Parliamentarians "Give us a hand" for child health

Fiona Uellendahl, Coordinator of Advocacy and Campaigning, World Vision Germany

More than 30 German Parliamentarians show support and raise their hands for the Child Health Now campaign

On the 27th June members of the Federal State Parliament in Hessen took part in World Vision Germany’s child health focused ‘Give us a hand!’ campaign.

More than 30 Parliamentarians came together in front of Parliament for a photo in which they collectively raised their hands in order to advocate for healthy children all over the globe. After the photograph, all 30 Parliamentarians signed ‘air-filled hands’ in order to show their support for the campaign.

Fiona Uellendahl, Coordinator of Advocacy & Campaigning, World Vision Germany, notes that, ‘With this event, World Vision Germany has demonstrated that it is time to stand up for healthy children and that politicians should keep their promises in order to realise the post- 2015 development agenda’.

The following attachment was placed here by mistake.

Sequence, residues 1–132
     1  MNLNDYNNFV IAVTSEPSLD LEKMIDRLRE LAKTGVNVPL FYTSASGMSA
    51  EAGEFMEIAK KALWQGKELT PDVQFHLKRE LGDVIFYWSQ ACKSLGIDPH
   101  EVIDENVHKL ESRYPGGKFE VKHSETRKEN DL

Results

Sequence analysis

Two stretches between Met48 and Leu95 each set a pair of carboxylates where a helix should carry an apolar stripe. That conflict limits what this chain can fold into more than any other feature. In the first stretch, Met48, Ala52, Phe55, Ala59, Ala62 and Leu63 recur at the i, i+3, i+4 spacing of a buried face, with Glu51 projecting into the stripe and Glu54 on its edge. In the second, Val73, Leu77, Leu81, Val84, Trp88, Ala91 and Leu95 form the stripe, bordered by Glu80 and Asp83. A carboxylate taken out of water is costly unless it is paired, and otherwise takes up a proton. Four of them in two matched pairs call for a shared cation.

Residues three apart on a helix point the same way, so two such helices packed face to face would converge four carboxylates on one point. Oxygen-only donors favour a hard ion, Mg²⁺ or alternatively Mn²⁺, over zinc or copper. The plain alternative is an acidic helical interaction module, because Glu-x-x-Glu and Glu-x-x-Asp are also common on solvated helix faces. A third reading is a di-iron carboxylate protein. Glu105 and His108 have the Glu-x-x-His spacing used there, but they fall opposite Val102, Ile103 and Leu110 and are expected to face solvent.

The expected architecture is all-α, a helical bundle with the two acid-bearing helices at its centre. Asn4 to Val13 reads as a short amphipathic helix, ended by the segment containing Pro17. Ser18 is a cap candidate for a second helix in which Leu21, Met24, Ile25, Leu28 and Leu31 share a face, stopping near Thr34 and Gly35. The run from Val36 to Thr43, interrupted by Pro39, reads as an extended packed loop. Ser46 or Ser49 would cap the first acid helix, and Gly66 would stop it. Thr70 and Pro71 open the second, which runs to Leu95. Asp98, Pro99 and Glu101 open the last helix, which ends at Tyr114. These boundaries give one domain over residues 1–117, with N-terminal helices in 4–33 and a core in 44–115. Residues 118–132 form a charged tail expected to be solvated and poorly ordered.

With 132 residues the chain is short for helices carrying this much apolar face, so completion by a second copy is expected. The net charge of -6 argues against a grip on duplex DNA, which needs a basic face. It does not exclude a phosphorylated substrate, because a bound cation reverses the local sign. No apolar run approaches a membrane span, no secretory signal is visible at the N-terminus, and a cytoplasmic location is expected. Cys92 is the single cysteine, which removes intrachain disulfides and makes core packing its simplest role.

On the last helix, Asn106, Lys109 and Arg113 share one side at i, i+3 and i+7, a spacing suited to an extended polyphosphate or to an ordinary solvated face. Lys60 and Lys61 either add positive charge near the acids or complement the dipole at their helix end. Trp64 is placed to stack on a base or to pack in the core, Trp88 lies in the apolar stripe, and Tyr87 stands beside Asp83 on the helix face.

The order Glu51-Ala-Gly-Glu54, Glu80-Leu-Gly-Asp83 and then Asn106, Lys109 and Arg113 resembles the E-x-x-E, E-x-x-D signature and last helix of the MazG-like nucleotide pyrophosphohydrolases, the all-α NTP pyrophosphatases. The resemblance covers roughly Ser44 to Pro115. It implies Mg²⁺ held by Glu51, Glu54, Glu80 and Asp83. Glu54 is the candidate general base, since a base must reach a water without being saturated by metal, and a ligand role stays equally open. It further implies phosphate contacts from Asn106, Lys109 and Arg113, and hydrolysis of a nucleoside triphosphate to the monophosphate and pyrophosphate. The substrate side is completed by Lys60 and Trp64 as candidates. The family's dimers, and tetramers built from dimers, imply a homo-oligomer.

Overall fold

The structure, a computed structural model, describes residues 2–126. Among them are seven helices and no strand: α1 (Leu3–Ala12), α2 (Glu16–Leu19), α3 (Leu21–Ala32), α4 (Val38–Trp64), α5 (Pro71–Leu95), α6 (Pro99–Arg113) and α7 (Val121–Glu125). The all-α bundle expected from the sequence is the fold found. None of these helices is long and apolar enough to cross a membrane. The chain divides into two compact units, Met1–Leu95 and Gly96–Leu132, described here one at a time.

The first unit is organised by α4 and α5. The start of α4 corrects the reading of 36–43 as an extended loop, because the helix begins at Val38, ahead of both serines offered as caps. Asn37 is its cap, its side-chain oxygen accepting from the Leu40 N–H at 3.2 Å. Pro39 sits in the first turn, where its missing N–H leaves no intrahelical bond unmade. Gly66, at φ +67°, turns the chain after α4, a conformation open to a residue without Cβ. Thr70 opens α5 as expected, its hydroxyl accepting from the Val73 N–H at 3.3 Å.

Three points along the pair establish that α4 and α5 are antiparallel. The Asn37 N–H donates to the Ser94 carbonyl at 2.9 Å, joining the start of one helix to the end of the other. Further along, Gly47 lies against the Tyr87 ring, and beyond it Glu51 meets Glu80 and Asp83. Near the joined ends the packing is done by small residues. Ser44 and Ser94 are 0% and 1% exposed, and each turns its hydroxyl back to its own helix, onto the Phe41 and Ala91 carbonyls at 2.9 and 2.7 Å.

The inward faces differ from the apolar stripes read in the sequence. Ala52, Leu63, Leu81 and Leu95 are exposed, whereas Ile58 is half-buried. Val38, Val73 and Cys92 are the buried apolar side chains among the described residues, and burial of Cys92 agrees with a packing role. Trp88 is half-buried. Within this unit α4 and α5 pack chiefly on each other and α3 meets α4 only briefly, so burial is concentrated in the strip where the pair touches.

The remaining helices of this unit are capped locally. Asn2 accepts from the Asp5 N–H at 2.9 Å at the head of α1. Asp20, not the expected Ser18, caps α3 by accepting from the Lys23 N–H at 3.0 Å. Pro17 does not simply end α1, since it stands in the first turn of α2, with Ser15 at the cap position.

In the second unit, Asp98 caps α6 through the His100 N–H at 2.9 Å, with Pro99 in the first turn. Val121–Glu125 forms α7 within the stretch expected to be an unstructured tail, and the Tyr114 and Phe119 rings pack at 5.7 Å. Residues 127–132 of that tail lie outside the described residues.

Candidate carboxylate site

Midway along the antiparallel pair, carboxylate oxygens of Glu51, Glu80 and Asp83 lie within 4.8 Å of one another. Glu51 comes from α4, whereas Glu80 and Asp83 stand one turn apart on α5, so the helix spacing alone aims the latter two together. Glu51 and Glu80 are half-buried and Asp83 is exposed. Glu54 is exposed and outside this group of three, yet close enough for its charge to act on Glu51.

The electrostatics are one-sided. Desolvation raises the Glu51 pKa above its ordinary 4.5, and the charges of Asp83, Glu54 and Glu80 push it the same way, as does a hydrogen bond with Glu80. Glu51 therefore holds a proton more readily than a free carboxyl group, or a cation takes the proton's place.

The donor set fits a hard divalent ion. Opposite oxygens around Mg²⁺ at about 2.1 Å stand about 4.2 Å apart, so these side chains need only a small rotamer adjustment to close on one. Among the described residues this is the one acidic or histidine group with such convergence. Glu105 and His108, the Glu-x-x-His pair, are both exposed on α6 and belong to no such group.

Uellendahl reminds us that Germany, as a member of the UN, has promised to reduce the number of children dying before their fifth birthday by two thirds by the year 2015. Currently, not even half of this goal has been achieved.

On the 8th July, World Vision was also present at the federal meeting of the German Christian Democratic Party (CDU) where they again asked politicians to take the opportunity to raise their hands for the Child Health Now campaign. At this meeting, the campaign was again eagerly supported by German politicians, including Chancellor Angela Merkel.

What comes next?

On 21st August, World Vision Germany will continue to mobilise governmental actors in order to support child health. Dirk Niebel, the German Development Minister, will recieve all the “wishing hands” for child health, which were collected by World Vision Germany during the “Give us a hand” action. And also the minister will take his time to discuss with World Vision activists and advocacy experts, the political decisions and policies that are needed in Germany in order to pursue the goal that all children would Survive 5.